When you are away, never assume that your clanging alarm will be investigated. Most people are so used to hearing sirens and horns that they will ignore them, assume that something is already being done or just pass by because they don’t want to get involved.

If you install an alarm:

  • Tell your neighbours that you have an alarm and demonstrate what it sounds like.
  • Obtain their agreement to phone your home if they hear the alarm to verify that the emergency is real. Tell them to call the police if there is no answer, or if the answer they receive suggests that something is amiss. It is better for the police to receive calls from several neighbours than none at all because everybody assumes that someone else has made the call.
  • Consider giving your most trustworthy neighbour a key to your home. This person could accompany the police on their investigation, turn off the alarm (if it does not shut off automatically), and take charge of your home until you return.

People who are deaf or hard of hearing, who have a burglar alarm, require some method of modification when an alarm is set off. Technology exists which notifies people who are deaf or hard of hearing with flashing alarms or a vibration device under the pillow or mattress.

Some systems include an automatic dialing device. When the alarm sounds, the device automatically dials one or more phone numbers until help is summoned. These are especially useful in remote locations where a noise-maker is unlikely to be heard. Because of the frequency of false alarms, dialers should not be programmed to call the police directly. Program them to call a neighbour, relative or friend who will in turn call the police after verifying that the emergency is real.

A “silent” alarm reports an intrusion to a central monitoring station through a secured telephone line or radio transmitter. The effectiveness of the system depends on the speed and reliability of the response. If the responding agency is located across town and it takes an investigator 20 minutes to arrive at your home, this system is of limited value.

Some systems provide both a local and silent alarm.

False Alarms

False alarms are the single biggest drawback of an alarm system. They can be caused by defective equipment, improper use, faulty installation or poor adjustment. Some alarms can be triggered by a passing truck, household pets, the draft from a hot air register or fan, or changes in temperature or humidity. Others can be set off by an interruption in the power supply, a ringing doorbell or phone, or the neighbour’s burglar alarm. If you forget to turn the system off before entering your home, you could trigger the alarm yourself. There are as many ways for an alarm to malfunction as there are different alarms.

Every false alarm diminishes the system’s credibility. Neighbours soon become indifferent, and even police and private security agencies can become less than enthusiastic in their response. Before you decide to purchase an alarm, check with your municipality or police department about the repercussions of false alarms. In some cities, the incidence of false alarms approaches 98 per cent. Police forces have been known to impose fines on homeowners and permanently suspend service to homes with a history of false alarms.

To keep false alarms to a minimum:

  • buy only good-quality equipment;
  • have it installed by someone who knows how to install it; and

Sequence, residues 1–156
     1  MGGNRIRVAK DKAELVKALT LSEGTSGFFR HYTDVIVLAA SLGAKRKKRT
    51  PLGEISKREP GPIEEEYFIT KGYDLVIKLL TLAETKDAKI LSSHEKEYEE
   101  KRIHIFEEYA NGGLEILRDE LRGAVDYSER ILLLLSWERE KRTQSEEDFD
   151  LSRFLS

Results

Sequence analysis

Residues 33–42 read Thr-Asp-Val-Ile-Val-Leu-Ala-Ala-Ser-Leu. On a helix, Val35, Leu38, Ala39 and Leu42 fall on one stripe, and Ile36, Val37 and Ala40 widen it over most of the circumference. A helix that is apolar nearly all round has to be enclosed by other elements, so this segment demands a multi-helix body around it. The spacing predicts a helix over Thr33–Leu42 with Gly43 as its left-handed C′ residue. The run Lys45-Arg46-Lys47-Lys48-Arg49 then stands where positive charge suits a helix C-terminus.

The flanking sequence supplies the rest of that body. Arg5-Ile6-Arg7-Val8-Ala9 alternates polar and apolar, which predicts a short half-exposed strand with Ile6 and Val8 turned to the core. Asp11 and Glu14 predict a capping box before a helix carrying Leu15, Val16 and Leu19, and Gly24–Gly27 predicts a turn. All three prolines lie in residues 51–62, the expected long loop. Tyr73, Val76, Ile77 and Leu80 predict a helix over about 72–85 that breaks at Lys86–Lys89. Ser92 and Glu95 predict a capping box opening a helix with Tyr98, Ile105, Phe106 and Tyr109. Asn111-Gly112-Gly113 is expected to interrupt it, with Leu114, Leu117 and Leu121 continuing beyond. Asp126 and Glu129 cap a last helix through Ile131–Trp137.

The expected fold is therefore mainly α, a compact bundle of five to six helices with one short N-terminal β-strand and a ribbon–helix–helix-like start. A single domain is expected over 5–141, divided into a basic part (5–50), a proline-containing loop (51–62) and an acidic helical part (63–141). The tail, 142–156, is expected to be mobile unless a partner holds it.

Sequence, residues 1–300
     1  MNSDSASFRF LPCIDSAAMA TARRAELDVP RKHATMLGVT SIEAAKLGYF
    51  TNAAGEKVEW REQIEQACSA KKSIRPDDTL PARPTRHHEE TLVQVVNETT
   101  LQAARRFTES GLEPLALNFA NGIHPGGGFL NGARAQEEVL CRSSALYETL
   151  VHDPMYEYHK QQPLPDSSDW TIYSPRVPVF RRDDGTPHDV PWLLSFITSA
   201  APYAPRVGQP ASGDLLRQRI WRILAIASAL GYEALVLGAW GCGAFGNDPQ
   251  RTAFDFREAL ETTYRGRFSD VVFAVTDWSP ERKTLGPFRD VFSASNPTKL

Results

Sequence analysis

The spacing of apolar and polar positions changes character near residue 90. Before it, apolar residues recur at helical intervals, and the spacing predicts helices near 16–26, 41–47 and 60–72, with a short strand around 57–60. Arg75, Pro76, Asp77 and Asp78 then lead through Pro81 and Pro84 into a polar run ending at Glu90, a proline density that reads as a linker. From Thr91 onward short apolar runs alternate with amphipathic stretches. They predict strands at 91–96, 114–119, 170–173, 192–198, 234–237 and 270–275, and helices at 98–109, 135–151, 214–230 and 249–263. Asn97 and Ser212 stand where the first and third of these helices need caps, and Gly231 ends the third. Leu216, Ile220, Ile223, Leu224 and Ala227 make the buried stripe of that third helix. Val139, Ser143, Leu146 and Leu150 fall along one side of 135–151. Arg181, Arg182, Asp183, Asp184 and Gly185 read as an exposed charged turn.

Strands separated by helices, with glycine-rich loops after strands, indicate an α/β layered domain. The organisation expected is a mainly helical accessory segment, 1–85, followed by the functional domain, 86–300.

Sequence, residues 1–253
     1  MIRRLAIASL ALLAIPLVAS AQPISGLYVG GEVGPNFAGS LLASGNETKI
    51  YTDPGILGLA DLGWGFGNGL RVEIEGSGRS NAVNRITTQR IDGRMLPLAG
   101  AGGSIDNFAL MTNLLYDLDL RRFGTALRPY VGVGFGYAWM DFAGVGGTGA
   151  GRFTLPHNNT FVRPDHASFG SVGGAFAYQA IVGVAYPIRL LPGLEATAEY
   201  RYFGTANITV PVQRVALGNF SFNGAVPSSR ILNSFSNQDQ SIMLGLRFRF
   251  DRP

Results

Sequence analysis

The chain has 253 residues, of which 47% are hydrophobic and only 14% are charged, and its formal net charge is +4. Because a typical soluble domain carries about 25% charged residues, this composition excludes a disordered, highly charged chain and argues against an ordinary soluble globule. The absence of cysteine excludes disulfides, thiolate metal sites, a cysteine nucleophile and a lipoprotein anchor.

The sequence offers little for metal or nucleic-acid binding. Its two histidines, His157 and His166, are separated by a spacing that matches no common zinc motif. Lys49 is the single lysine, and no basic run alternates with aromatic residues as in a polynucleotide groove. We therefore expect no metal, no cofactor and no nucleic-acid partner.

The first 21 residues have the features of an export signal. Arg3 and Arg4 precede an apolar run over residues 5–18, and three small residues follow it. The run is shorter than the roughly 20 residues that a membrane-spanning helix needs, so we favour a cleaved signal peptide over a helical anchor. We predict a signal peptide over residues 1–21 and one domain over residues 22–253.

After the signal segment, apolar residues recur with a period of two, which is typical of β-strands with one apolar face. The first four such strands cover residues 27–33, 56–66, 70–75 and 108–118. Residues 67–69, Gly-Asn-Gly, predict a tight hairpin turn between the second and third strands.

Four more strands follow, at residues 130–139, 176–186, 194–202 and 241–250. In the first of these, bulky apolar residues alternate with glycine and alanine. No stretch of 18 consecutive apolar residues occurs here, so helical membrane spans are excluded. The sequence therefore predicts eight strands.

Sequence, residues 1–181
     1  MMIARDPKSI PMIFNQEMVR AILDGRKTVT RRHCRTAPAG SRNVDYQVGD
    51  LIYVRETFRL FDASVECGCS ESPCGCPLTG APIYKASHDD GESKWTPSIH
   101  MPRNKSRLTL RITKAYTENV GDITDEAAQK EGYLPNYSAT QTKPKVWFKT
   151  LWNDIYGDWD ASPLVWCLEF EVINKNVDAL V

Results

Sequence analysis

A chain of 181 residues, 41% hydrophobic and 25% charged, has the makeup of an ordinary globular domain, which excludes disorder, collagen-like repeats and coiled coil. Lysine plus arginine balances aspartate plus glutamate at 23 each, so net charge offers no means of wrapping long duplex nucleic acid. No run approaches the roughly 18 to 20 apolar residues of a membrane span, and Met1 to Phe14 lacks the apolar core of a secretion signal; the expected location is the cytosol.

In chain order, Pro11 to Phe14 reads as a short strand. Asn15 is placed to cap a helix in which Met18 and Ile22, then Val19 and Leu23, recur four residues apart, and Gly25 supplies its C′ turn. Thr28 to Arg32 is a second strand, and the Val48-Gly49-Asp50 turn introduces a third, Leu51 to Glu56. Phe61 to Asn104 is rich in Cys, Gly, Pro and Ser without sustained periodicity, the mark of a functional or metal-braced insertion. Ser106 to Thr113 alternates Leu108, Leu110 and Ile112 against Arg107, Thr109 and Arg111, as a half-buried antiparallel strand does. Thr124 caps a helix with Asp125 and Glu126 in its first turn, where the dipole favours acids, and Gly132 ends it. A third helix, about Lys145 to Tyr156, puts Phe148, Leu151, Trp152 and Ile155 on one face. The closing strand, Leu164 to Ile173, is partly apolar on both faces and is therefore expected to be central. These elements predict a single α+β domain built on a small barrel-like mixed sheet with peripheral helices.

• use it only in ways for which it was intended.

Ensure that everyone in your household knows how the alarm functions and how it is to be used.

Choosing an Alarm System

Once you have decided that an alarm system is what you need, you must then decide which type of alarm is right for you.

Remember that a perimeter alarm acts like an early warning system, detecting an intruder who is still outside your home.

One major drawback of the area alarm is that it will alert you only after the intruder has broken in. In fact, unless you have a sensing device in every room and hallway, the intruder may spend considerable time in your home before actually setting off an alarm.

On the other hand, because of their greater sensitivity, area protectors are generally more difficult to bypass or disable. The most versatile alarm systems use motion and heat detectors in key locations to enhance a good perimeter alarm.

There is no perfect alarm system and certainly none that is right for every situation. The alarm you choose should be tailored to your specific security needs, your lifestyle and the design characteristics of your home. Some contact-type window alarms, for example, cannot be installed in older homes where window frames have warped with age. Area alarms are not suitable if they might be triggered by a pet or by a child who gets up in the night to use the bathroom. However, most systems allows for the area alarm system to be bypassed at night with the perimeter alarm remaining active.

The quality of the equipment and its installation should outweigh initial purchase price as a factor in determining which system to buy.

Buy from a dealer or agency with a verifiable record of quality installations, and one that will maintain and guarantee the equipment it sells. The Better Business Bureau, your local Chamber of Commerce, provincial licensing authorities, reputable locksmiths and people you know who have alarm systems are good sources of information about the security companies in your area.

Alarm systems can cost from less than $50 to several thousand dollars. The old adage “buyer beware” holds — you get what you pay for. The cost of batteries, maintenance and monitoring services can also be substantial. Consider only what you can afford to buy as opposed to what you want to buy. If you are like most people, you will no doubt have to compromise.

Before you buy, take the time to find out what the different alarm systems can and cannot do. Every system has its strengths and weaknesses. For example, area protectors are more expensive than perimeter devices, but they are much easier to install. Some need only be plugged in. However, area protectors must be carefully adjusted and aligned to ensure correct functioning and to prevent false alarms.

Ask about what features are built into the system to guard against, wire cutting and false alarms and to ensure the system works in a power outage. Here are some useful features to look for:

  • exit and entry delay;
  • ease of installation, adjustment and testing;
  • tamper-proof control unit, noise-makers, key switch (or push-button pad) and wiring;
  • manual override that lets you abort a false alarm before it sounds,
  • automatic shut-off and reset;
  • battery backup;
  • low-battery warning;
  • comprehensive instructions on use, installation and maintenance; and
  • written guarantee on parts and labour.